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Students organize pirate event

Posted on 12.11.2013

The experience design program at the University of Indianapolis hosted the event “Pirates: Which crew will you choose?” on Nov. 19. Participants chose a ship to be loyal to, played real pirate games, learned how to make hard tack and participated in other activities.

Freshman sports management major Trae Cole said that he enjoyed earning Lecture/Performance credit for becoming a pirate for a day.

“It was good. Everyone likes to learn about pirates—best L/P I’ve been to,” Cole said.

Freshman art education major Torie Howell is in the Experience Design 101 course that worked to put together the event. According to Howell, not only was the event enjoyable but doing all of the preparation and research for the event was just as fun.

“It [the course] is completely educational. I am a very visual person, so it aids my education,” Howell said. “I look forward to the class.”

Howell said that the class was set up like the event, so the students chose which crew they wanted to be loyal to. She said that as the class went on, a story developed with setbacks and blessings, just like a game of chutes and ladders. The students assumed roles and learned about navigation and how to tie riggings.

Howell said that the class is not just fun and games, though. It requires a portfolio as a final project that includes everything they have learned. They also have to develop a first-person composite character based on historical facts.

“It’s a lot of work, but I’m very glad,” Howell said.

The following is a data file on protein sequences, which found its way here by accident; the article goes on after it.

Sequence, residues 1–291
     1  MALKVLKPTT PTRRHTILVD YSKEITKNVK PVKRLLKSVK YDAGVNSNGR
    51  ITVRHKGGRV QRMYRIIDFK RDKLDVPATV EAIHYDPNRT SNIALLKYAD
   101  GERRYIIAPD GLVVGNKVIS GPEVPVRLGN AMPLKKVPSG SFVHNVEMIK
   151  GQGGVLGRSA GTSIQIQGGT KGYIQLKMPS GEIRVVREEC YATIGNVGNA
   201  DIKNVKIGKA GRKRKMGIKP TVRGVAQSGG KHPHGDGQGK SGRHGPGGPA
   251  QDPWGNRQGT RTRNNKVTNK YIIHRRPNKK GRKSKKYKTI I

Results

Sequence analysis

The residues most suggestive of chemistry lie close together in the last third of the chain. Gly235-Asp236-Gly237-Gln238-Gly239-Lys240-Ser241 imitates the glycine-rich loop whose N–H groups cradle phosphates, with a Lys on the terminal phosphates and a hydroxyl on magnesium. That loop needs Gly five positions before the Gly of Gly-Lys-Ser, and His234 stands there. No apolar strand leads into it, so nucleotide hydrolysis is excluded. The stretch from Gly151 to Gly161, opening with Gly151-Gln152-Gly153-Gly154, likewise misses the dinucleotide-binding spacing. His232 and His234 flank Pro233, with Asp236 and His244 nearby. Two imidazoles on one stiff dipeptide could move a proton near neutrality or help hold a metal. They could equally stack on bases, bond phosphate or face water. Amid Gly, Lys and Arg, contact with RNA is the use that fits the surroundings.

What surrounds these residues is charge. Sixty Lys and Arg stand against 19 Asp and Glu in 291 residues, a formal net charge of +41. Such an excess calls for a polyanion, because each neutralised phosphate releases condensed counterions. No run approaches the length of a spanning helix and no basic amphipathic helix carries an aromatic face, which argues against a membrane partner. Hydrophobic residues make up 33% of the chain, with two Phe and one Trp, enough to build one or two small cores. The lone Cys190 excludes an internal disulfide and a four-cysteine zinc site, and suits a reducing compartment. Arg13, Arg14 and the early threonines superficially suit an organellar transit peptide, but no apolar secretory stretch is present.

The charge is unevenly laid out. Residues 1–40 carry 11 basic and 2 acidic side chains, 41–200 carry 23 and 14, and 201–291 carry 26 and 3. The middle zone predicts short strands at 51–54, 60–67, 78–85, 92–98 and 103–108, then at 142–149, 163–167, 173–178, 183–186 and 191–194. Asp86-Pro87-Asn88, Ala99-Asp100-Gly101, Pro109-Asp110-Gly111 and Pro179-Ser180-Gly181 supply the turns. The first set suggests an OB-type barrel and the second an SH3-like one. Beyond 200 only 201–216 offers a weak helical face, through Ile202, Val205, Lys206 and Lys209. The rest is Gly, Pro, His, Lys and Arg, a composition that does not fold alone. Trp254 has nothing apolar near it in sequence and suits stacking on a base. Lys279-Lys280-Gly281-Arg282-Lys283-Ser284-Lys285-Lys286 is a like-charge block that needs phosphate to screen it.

Director of Experience Design and Associate Professor of History Samantha Meigs said that experience design is used in museums, event planning, themed hospitality and attractions. According to Meigs, experience design also is useful for interactive marketing, and the field in general is quite large.

“What I am doing in this class is one example of experience design. The field itself is bigger than just history, but it is a way of actually engaging people,” she said. “It is a way to engage, entertain and educate.”

Students can choose to major or minor in experience design or can choose it as a concentration. The option has been available for about six years and is interdisciplinary, so it is intended to be able to mix with students’ other interests. There are three tracks that can be chosen: design, research or management. The classes require no prerequisites, so anyone can take them as a general core credit.

Junior experience design major Austin Baker said that he enjoys how there is a new topic each semester, so he and his classmates have opportunities to create many different experiences.

Baker said that the courses are always unique because the students get to design completely different worlds each semester. Over the past year they have built futuristic distopias and recreated the crusades.

“It is a really good major, because it is interdisciplinary. You get people that are in theatre, communication, history or archeology,” Baker said. “There are all kinds of people, and it works well for events.”


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